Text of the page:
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Best used cars under £1,000

A grand might be the equivalent of two or three monthly repayments when you’re buying a new car. Alternatively, it could be enough to buy a car outright. Tempting, isn’t it?

You’d be forgiven for thinking that used cars at this end of the market are way past their prime. It’s a world of ‘under the arches’ car lots, dodgy dealers and guarantees not worth the paper they’re written on. Sure, there are plenty of cars to avoid out there, but there’s also a good supply of diamonds in the rough.

Our obsession with buying new or nearly-new cars means that some older cars are available for peanuts. Not old enough to alert the interest of classic car nuts, but not new enough to appeal to mainstream buyers, these vehicles exist in a twilight world of very cheap prices.

Here are some of the best used cars under £1,000. Some are available for as little as £500.

Honda Civic

Launched in 2000, the Mk7 Civic was the last model before Honda went down the route of crazy styling. It also represented a significant step forward in terms of quality and engineering, so it’s a family car you can buy with confidence. British-built three- and five-door hatchbacks are available, along with a stylish two-door coupe that was made in the US. Thanks to clever packaging, the hatchback makes the most sense, while Honda’s VTEC petrol engines are incredibly reliable if serviced and maintained properly. Find a 2.0-litre Type S and you can pretend you own a Civic Type R.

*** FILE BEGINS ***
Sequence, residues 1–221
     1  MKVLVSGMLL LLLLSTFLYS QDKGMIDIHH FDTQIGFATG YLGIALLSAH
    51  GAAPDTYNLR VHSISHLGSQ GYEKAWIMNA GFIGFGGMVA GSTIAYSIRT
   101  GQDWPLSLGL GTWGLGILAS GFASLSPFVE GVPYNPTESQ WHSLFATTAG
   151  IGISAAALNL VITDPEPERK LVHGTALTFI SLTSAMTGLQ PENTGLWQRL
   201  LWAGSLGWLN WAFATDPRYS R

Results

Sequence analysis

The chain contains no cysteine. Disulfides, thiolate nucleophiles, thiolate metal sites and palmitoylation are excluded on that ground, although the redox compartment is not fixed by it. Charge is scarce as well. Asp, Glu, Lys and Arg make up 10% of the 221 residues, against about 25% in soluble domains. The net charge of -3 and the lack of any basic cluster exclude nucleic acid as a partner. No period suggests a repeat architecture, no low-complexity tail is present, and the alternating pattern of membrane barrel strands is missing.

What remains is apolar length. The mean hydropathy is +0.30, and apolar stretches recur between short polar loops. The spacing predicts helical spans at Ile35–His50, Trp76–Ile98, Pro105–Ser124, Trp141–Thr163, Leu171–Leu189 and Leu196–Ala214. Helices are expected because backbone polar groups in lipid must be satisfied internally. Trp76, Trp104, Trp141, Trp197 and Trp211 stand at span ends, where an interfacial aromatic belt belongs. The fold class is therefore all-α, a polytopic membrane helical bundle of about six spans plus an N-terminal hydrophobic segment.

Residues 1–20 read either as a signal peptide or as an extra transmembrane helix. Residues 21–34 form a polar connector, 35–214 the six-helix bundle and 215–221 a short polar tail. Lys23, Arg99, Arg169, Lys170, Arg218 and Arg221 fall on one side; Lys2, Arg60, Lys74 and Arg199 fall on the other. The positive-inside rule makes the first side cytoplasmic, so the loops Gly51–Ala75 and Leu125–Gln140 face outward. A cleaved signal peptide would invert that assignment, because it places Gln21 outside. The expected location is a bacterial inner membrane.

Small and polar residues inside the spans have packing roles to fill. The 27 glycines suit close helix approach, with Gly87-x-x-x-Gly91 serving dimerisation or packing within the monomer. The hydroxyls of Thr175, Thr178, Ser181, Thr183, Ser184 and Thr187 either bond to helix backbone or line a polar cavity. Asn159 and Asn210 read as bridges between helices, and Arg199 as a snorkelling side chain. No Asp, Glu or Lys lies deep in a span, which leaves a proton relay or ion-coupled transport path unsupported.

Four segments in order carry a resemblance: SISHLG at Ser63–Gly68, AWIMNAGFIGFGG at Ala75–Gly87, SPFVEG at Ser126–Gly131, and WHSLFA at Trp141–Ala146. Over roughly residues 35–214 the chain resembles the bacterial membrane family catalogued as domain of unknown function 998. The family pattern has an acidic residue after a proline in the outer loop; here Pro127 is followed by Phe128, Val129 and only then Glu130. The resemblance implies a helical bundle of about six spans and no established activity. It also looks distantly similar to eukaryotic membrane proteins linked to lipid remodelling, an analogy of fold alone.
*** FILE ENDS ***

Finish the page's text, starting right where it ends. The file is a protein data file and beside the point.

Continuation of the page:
Volvo V50

The Volvo V50 has fallen off the radar, which is good news if you’re searching for a used car bargain. It might surprise you to discover that it’s based on the same platform as the Ford Focus, which is good news in terms of the way it drives. It also suggests that it’s not one of Volvo’s largest estate cars, but a 417-litre boot should be big enough for most people. The interior is classy and sophisticated, but overall build quality isn’t what you’d expect from a Volvo. Also look out for electrical problems and issues with the 1.6-litre diesel engine.

Vauxhall Vectra

Let’s start with the negatives. The Vauxhall Vectra is dull to drive, boring to look at and has an uninteresting cabin. In paint terms, it’s magnolia. In ice cream flavours, it’s vanilla. Move along, nothing to see here, etc. But wait, because it’s not all doom and gloom. The Vectra’s poor image means prices are stupidly low, and it really isn’t as bad as people make out. The boot is big, even on the hatchback version (you might not need the estate), the diesel engines deliver excellent fuel economy, and the ride quality is exceptionally comfortable on a long journey. Do you want a flake with that?

Saab 9-3

The Vauxhall Vectra and Saab 9-3 share a lot in common, but you’ll enjoy a more premium experience if you choose the Swede. Don’t be put off by the fact that Saab is no more, because there’s a website dedicated to sourcing original parts along with a good network of independent specialists. Saab parts are a little more expensive than their Vauxhall equivalents, but not to the extent that you should avoid the 9-3. Build quality isn’t up to the standard of older Saabs, but there are enough neat touches to make it feel like you’re driving something different. Choose from saloon, convertible and estate versions.

Volkswagen Golf

It doesn’t matter if you’re spending £200 or £20,000, you’ll almost certainly find a Volkswagen Golf to suit your budget. For this price, you’re looking at either a late Mk4 or a Mk5 Golf, with the latter looking and feeling more modern than its predecessor. That said, a Mk4 Golf in Match trim with a 1.6-litre petrol engine would be a great runaround, while a 1.9-litre turbodiesel would be excellent if you’re after a cheap tool for commuting. Just avoid the non-turbocharged diesels, because although they’re economical, you’ll die of boredom waiting for the car to reach 60mph.

Toyota Corolla